Stella Adler Studio

INTERVIEWS with ARTISTS

BEN VEREEN

JEANINE TESORI

PSALMAYENE 24

SYLVIA MCNAIR

MICHAEL McELROY

DEIDRE KINAHAN

BOB ARI

PAUL TAZEWELL

PATRICIA ROZARIO

NANCY RHODES

MAIA DANZIGER

EARL “PEANUTT” MONTGOMERY

WILLIE RUFF

DENNIS D’AMICO

GRACE CACHOCHA

KAREN SAILLANT

JENNIFER HORNE

JEANIE THOMPSON

ROBERT PERRY

WAYNE SIDES

JAMIE LEE McMAHAN

“You are led through your lifetime by the inner learning creature, the playful spiritual being that is your real self.”
– Richard Bach

“Never underestimate the power of dreams and the influence of the human spirit. We are all the same in this notion: The potential for greatness lives within each of us.”
– Wilma Rudolph

“Always dream and shoot higher than you know you can do. Don’t bother just to be better than your contemporaries or predecessors. Try to be better than yourself.”
– William Faulkner

“Every day is a new day. It is better to be lucky. But I would rather be exact. Then when luck comes you are ready.”
– Ernest Hemingway

“My favorite piece of music is the one we hear all the time if we are quiet.”
– John Cage

 


Articles

Kenny Leon’s True Colors Theatre Company

Black Theatre United

Mabou Mines

Theater J

Pangea World Theater

Round House Theatre

Bucks County Playhouse

Charleston Stage

Maryland Ensemble Theatre

Chesapeake Shakespeare Company

PURE Theatre Company

Ronald Rand’s “CREATE! How Extraordinary People Live to Create and Create to Live”

Virginia Stage Company

Constellation Theatre Company

League of Professional Theatre Women

Maryland Hall

BlackRock Center for the Arts

Great American Songbook Foundation & Academy

Kennedy Center REACH

Inter Act Art Theatre

“Grand Ball in the Belle Epoch” – Edwardian Period Style Salon

“There is a vitality, a life force, a quickening that is translated through you into action, and because there is only one of you in all time, this expression is unique, and if you block it, it will never exist through any other medium, and be lost. The world will not have it. It is not your business to determine how good it is, not how it compares with other expression. It is your business to keep it yours clearly and directly, to keep the channel open.”
– Martha Graham

 

 

 

“The poem, the song, the picture, is only water drawn from the well of the people, and it should be given back to them in a cup of beauty so that they may drink - and in drinking understand themselves.”
– Federico Garcia Lorca

“Living consciously involves being genuine; it involves listening and responding to others honestly and openly; it involves being in the moment.”
– Sidney Poitier

“The artist must be a leader. He must be true to what is most eager, vital and boldest within himself. Only in this way can the audience gain something from him. By being awake himself, the artist must awaken the audience. This ultimately is what the audience also desires – to be awakened.”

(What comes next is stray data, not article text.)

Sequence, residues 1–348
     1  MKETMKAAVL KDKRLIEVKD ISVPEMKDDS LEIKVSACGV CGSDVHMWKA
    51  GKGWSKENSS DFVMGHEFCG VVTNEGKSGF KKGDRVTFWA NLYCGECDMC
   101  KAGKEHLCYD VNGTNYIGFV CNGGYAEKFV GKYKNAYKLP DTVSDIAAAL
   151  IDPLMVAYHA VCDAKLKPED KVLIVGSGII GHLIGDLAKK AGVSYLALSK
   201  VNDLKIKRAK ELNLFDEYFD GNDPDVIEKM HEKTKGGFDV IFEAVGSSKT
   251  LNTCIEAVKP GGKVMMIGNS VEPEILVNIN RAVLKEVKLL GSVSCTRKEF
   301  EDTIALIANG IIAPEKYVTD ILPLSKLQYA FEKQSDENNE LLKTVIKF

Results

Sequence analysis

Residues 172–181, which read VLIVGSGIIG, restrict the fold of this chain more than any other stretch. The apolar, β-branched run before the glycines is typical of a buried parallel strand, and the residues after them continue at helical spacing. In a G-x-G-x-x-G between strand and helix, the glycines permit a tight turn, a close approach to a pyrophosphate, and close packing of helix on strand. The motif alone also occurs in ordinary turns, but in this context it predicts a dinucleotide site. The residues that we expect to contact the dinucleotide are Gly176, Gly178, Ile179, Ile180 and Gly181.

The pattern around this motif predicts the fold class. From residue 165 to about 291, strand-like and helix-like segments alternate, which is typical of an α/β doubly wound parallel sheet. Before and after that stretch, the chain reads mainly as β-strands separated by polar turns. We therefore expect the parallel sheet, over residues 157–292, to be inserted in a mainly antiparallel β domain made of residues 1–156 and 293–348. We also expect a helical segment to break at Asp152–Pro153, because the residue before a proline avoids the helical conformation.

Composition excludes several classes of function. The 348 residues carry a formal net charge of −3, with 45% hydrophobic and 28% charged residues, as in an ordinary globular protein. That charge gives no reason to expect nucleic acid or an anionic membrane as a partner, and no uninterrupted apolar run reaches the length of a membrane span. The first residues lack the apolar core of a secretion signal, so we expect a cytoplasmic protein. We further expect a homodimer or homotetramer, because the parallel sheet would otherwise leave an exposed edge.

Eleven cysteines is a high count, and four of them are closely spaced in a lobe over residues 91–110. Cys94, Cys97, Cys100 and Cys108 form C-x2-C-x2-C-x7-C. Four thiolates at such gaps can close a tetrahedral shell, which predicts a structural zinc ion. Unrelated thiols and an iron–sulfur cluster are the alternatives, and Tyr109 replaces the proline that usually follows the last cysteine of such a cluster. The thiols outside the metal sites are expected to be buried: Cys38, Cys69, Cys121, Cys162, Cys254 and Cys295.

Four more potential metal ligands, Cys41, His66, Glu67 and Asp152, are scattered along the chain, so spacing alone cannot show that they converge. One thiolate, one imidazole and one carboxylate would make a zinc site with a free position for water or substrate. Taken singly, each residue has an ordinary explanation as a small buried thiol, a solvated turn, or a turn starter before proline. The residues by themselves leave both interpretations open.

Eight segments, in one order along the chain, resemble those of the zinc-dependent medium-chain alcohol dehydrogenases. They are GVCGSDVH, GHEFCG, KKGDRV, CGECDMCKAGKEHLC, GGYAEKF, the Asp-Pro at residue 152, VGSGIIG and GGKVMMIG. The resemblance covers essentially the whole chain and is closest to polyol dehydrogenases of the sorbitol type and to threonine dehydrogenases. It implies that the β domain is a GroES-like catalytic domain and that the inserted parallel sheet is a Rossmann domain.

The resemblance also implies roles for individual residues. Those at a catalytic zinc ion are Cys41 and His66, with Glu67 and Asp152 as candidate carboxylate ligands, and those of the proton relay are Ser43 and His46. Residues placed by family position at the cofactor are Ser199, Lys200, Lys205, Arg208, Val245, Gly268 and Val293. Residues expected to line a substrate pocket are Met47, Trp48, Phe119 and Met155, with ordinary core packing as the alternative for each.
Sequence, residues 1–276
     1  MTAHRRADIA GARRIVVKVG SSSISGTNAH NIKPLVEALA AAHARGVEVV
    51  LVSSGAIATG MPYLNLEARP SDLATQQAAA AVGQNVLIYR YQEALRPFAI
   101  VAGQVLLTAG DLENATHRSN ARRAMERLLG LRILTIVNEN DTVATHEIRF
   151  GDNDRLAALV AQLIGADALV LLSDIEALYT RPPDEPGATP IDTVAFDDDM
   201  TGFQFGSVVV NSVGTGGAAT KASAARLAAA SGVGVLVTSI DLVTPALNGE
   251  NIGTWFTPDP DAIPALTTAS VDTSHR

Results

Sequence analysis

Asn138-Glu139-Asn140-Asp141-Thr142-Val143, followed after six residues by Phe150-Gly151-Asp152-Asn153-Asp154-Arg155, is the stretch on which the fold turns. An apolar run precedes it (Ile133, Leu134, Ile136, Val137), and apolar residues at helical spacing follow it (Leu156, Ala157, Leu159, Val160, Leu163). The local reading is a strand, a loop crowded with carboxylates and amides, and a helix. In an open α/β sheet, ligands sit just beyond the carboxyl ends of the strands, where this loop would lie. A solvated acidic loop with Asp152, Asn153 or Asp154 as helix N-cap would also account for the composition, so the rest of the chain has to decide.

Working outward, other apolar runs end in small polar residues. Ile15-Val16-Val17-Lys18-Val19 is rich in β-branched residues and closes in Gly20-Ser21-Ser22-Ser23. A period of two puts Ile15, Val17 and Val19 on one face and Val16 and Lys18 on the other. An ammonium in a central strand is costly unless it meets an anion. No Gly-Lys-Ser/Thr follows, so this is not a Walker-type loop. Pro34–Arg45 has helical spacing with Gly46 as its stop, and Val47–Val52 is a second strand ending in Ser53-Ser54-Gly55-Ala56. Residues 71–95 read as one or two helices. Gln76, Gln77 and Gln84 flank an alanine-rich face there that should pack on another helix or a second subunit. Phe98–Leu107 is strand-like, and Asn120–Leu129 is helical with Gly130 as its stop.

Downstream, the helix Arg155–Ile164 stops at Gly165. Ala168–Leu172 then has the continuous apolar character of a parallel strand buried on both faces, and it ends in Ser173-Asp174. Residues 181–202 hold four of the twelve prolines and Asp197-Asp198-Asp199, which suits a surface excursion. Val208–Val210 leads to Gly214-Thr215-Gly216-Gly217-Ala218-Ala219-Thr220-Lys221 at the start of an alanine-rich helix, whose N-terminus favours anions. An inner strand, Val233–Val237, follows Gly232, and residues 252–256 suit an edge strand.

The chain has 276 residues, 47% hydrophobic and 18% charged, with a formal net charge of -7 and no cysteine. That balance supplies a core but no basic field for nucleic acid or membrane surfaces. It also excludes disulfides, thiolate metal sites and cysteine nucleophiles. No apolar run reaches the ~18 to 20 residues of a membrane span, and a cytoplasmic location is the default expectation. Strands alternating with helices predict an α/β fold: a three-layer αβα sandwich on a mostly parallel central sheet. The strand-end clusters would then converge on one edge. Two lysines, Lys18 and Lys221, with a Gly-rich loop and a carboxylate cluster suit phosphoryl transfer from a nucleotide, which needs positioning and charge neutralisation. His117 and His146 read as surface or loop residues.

– Harold Clurman

 

“Life is short, Break the Rules. Forgive quickly, Kiss SLOWLY. Love truly. Laugh uncontrollably And never regret ANYTHING That makes you smile.”
– Mark Twain

“One must surrender entirely to the power of one’s artistic nature. It will do all the necessary things. Do not impose any solution upon yourself in advance.”
– Yevgeny Vakhtangov

 

“As an artist, I feel that we must try many things—but above all, we must dare to fail. You must have the courage to be willing to risk everything to really express it all.”
– John Cassavetes

 

 

Chesapeake Shakespeare Company

The Chesapeake Shakespeare Company is now celebrating its 18th season as a Maryland theatre company, its sixth season in Baltimore, becoming a leader in the Maryland cultural community. 

Founded in 2002, Chesapeake Shakespeare Company’s new indoor cultural center, located near the Inner Harbor in downtown Baltimore, opened in September 2014. The theatre transformed a 19th Century landmark bank building into a modern 260-seat theater inspired by Shakespeare’s Globe. The inaugural Season for Celebration opened with a week of festivities, including a ribbon-cutting on September 15, 2014.

The cultural center includes The Studio and home of Chesapeake Shakespeare Company’s acting courses and workshops for adults and youth, with courses for personal growth, community engagement, acting, theatre craft and design disciplines, critical analysis of plays, and day camp programs.

The 2019-2020 season included: “Dracula,” “Measure for Measure,” “The Complete Works of Shakespeare Abridged,” “Hamlet,” “A Christmas Carol” and “Much Ado About Nothing.” Founder and Artistic Director Ian Gallanar, Managing Director Lesley Malin, a Board of Trustees, plus more than fifty artists, are the major forces behind Chesapeake Shakespeare Company’s success.

Chesapeake Shakespeare Company School Matinees

Recently, Ian Gallanar, Artistic Director & Lesley Malin, Managing Director notified their subscribers and audiences expressing their gratefulness for their continued kindness and patience as they navigate the rapid changes owing the crisis. They wrote: “Chesapeake Shakespeare Company is, and always will be, committed to exploring alongside you, with vibrant, innovative, fun productions, what makes Shakespeare so great. We look forward to bringing you a lineup brimming with stories that have long weathered tempests and continue to act as beacons of hope and humanity.”

“Romeo and Juliet”

Chesapeake Shakespeare Company believes in instilling the love of Shakespeare and live theatre early in life and two children’s tickets are free to every production when accompanied by one paying adult.